Learning from the Natural World: Ibn ʿArabī on the Wisdom of the Animals, Plants and Minerals
Room 321, Level 3
Sidney Myer Asia Centre
See more events from
In the vision of the Islamic mystics, the world, and everything in it, is a manifestation of the divine, and as such is alive with meaning. “Even worms in their movement are rushing with a message to those who can understand it,” writes the 12th century Andalusian master, Muhyddin Ibn ʿArabī. This talk will explore some of Ibn ʿArabī’s highly original – and currently relevant – writings on our relationship to the natural world.
Dr Jane Clark will explain that on the one hand Ibn ‘Arabi fully endorses the Qurʾānic understanding that human beings have a special place in the order of creation, and in fact, he himself developed one of the most complete expositions on the ‘realised human being’ (al-insān al-kāmal) as the representative of the divine on earth. But at the same time, he advises us not to underestimate the spiritual status of the other realms of creation, and to be humble enough to listen to what they can teach us. Ibn 'Arabi, one of the most influential and prolific writers within the Islamic mystical/philosophical tradition, maintains that by acknowledging the spiritual reality of these other communities – who he refers to as “non-human masters” – we can come to a fuller understanding of the nature of humanity, and avoid falling into false beliefs about our ourselves and our role in the world.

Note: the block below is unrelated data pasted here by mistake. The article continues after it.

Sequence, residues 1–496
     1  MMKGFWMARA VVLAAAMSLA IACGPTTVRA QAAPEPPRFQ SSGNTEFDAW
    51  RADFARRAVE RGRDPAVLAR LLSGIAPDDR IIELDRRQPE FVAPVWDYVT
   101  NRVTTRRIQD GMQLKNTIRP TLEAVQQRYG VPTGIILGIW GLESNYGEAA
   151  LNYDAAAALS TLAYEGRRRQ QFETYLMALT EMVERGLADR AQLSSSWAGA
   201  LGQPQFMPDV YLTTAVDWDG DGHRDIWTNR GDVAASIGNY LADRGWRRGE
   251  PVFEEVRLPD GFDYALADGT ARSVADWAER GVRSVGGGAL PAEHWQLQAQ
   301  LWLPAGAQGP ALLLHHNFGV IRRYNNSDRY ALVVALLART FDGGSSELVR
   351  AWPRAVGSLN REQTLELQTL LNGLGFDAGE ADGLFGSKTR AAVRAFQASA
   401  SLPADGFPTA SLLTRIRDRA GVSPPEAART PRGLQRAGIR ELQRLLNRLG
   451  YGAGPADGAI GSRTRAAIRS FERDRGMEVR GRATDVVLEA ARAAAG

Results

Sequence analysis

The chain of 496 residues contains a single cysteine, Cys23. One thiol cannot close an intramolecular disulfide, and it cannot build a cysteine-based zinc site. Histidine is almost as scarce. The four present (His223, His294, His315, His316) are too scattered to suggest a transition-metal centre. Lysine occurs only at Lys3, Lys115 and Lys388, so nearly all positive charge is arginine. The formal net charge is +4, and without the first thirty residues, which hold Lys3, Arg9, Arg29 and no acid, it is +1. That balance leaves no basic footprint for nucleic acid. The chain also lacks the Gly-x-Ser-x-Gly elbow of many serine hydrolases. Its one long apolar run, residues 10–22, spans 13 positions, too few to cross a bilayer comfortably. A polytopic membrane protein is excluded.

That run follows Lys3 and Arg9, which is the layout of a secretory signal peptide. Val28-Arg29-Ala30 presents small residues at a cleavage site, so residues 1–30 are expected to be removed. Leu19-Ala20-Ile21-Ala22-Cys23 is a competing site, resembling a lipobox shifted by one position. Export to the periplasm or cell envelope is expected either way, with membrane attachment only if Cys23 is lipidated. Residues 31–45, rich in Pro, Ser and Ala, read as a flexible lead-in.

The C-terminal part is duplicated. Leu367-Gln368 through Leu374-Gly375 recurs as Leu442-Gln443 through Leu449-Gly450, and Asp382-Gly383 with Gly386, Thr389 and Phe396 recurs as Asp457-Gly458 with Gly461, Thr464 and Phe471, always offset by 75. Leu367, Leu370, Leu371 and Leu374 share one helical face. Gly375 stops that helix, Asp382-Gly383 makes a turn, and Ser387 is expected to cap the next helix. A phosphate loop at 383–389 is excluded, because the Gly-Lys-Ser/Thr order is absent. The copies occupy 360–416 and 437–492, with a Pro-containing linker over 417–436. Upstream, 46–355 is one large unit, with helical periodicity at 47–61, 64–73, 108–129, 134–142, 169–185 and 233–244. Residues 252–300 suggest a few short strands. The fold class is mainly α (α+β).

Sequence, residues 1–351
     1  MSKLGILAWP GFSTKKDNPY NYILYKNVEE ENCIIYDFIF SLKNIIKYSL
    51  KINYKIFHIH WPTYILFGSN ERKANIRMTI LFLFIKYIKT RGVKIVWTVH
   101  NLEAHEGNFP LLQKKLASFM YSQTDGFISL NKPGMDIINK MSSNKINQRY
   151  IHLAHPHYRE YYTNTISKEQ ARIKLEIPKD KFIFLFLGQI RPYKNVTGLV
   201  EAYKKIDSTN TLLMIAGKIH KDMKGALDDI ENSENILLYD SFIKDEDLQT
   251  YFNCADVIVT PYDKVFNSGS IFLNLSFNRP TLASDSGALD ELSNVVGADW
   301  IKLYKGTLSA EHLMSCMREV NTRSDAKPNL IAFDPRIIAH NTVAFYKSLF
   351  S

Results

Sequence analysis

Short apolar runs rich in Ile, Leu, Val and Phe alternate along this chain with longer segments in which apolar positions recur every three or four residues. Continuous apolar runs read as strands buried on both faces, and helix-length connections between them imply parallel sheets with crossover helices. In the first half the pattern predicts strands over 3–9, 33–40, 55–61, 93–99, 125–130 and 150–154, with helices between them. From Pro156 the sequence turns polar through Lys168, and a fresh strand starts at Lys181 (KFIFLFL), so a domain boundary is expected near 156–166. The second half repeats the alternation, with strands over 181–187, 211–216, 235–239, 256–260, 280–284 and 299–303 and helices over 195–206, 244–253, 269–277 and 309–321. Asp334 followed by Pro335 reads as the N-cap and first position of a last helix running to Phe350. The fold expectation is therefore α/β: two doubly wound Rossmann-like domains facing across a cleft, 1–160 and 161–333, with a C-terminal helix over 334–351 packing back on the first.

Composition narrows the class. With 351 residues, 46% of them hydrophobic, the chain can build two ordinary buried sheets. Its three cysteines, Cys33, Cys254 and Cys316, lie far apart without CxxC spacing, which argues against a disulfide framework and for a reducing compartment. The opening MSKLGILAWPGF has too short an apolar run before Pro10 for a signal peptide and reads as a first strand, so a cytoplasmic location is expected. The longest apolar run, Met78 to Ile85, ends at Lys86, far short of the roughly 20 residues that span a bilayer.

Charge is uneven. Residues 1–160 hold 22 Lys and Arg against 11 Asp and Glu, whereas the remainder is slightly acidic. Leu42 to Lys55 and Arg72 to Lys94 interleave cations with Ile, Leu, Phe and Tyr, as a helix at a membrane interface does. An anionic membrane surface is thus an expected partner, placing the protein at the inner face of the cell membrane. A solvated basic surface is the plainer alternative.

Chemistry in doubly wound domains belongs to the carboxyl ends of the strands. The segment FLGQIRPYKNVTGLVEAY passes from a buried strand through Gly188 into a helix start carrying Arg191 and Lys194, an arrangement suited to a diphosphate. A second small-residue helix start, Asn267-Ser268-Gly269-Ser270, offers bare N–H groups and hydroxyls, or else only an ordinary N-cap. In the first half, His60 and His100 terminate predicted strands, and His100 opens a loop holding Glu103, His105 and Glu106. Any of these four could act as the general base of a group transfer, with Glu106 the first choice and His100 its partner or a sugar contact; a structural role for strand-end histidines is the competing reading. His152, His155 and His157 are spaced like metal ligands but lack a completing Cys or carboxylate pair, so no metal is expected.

This talk, presented during Dr Clark's first visit to Australia, will explore ideas based on material which is largely unpublished, drawing particularly on works from the middle period of Ibn ʿArabī’s life such as ‘The Holy Spirit in the Counselling of the Soul’ (Rūḥ al-quds fī manāṣaḥat al-nafs) and ‘Love Letters to the Kaʾba’ (K. Tāj al-Rasāʾil) as well as his masterwork ‘The Meccan Revelations’ (Futūḥāt al-Makkiyya).
A light lunch will be provided at the conclusion of the seminar.